Saturday, July 3, 2010

Sex-work and Occupational Dignity

Helen Mirren's hubby, Taylor Hackford (An Officer and a Gentlemen, Ray), has a new movie coming out on the story of Nevada's infamous Mustang Ranch brothel.  In a recent Charlie Rose interview they spoke about the research they did (Mirren literally followed the current madame around all nigh,t watching her perform her duties), it occurred to me how uncomfortable we are with the complexities surrounding prostitution, - especially in the case of legal prostitution.

The easy answer is that it's terrible.  The female sex workers are being used in the most intrusive way: having to not only bare their nakedness, but to engage in sex acts with complete strangers whose only real qualification is how much money they are willing to spend.  This violates our most basic understanding of what sexuality means, and the context in which an individual should share this most private of activities.

Sex work is certainly unsavory.  It seems quite onerous in many ways.  From a purely physical standpoint, there is an element of risk of personal harm, whether from violence or disease.  In the sense that the act itself is utterly invasive, there is an emotional and psychological burden that must be endured.  Of course, this may be less of a problem for some than others, but nonetheless it is part of the job.  One surely never wants to be seen simply as a piece of meat to be bought and consumed.  There seems something degrading about allowing one's normative social status to be violated for pay.  To the extent that one's dignity and identity is based in having an interior sexuality and intimacy, prostitution presents a threat to the sense that, "well, at least I'll never do that".  

A particular scene in the movie raised what I thought was a very important question.  A group of protesters has just gathered outside the ranch's gates and Mirren's character, real life Mustang Madame Grace Bontempo, has this to say to them:
"Do you think they'd dreamed of being hookers when they were girls?  No, but they've taken what life has thrown at them and they've made the best of it, OK"

A very candid statement.  I imagine this is the exact sort of moral hypothetical that we all might ask ourselves when determining the morality of prostitution, pornography, or any type of sex-work, really.  Would we ever want our daughters to grow up and fall into this line of work.  The answer, I'm sure, is a definite "no".  Therefore it would seem hypocritical to make any apologies for the work at all.

But then again, there are many jobs that I assume we would not want our daughters to perform.  And yet millions of women perform them, sometimes for their whole lives.  And while most of us would never consider purchasing the services of a prostitute, we purchase the services of these other occupations on a daily basis.  Most of the time we think nothing of it.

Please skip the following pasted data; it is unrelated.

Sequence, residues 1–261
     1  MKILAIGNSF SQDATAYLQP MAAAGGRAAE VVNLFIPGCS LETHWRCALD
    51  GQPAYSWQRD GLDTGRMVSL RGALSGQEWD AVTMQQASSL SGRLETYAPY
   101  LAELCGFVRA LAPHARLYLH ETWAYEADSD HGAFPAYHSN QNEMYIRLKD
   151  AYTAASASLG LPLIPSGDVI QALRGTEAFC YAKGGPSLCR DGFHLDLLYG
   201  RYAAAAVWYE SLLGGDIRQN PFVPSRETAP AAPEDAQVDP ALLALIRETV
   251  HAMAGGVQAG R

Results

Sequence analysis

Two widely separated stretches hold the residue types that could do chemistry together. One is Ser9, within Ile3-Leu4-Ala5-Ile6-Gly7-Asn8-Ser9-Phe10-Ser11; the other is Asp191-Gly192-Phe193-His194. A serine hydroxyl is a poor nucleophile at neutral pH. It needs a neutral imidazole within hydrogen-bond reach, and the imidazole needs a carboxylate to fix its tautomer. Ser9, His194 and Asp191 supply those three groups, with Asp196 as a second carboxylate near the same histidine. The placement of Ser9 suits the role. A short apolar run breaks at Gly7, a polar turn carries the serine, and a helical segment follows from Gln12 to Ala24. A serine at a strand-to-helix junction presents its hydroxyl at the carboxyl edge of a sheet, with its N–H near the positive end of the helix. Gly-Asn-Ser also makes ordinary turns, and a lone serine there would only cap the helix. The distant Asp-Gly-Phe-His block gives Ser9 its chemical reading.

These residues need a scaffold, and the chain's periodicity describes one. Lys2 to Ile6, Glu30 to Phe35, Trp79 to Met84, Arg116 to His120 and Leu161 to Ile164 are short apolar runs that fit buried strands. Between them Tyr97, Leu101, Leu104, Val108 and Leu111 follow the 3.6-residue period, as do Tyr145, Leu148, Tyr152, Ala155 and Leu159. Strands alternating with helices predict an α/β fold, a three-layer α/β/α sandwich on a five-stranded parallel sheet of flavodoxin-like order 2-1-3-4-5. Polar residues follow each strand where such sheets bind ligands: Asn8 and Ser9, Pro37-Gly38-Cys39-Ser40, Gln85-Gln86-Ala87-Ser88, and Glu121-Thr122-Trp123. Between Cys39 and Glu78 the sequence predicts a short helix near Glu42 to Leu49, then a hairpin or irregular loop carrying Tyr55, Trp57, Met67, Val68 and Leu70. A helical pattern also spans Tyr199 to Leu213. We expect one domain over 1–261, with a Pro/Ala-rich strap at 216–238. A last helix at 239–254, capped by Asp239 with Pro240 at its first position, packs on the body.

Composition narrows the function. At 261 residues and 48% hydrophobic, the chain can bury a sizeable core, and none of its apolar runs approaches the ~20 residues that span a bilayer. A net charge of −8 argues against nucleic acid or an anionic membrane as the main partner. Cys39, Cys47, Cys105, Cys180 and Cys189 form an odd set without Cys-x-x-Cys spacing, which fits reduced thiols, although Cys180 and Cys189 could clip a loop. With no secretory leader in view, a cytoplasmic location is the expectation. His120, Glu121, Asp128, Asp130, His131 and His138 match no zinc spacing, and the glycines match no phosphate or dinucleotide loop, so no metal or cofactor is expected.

For instance, working in a meat-processing plant is dangerous, degrading (you come home smelling like animal flesh and blood), and it pays relatively poorly.  Washing dishes is a menial, mind-numbing job.  The highlight of the day is sometimes the 15 minutes of daylight you see while carting grill grease out behind the building so that it may be sold to a pet food company.  Picking lettuce is certainly no picnic (as this story illustrates quite well).  Surely we wouldn't want our daughters to grow up and be stuck doing these jobs.  While we may never in our wildest dream think of taking advantage of a poor girl for sex, we all order cheeseburgers, with lettuce, with the implicit assumption that someone will be washing our dish.  Check please.

Something else that seems to add an even deeper irony is the fact that sex-work so often pays much better than other physically difficult or traditionally degrading work.  I'm sure there are many strip clubs that pay very poorly, or low-rent porno operations.  But by and large I think the hourly wage is beyond compare.  Yet at some level it isn't really about the money.  Because while we would all like to see these working girls be paid handsomely for their labors, our moral conception seems to have little to do with income.  For instance, whether a girl is paid $100 for 15 minutes of intercourse, or $3000, seems to make little difference: the act is still generally unthinkable.  Yet this certainly makes a great deal of difference to the worker.

Another great irony is that to the extent that there are girls out there who are doing sex-work, our humiliation of the work itself acts as a negative to the job.  Certainly there is an implied form of deterrence here, in that society's humiliation is at least in part an attempt to shame girls from entering the profession in the first place.  But once they are there, this can heighten any discomfort they may otherwise be feeling.  A common complaint among sex-workers is the ostracism they face from loved ones over their occupational choice.

All of this goes back to the meaning of the work.  The meaning of sex.  While in the end sex-work, or at least prostitution, may truly be something that is fundamentally unhealthy in society, the "oldest profession" has always and will always be with us.  As such it is important for us to at least try and understand it, with a critical examination as well of the structure of every type of labor in society, with an eye towards dignity and fairness for all.

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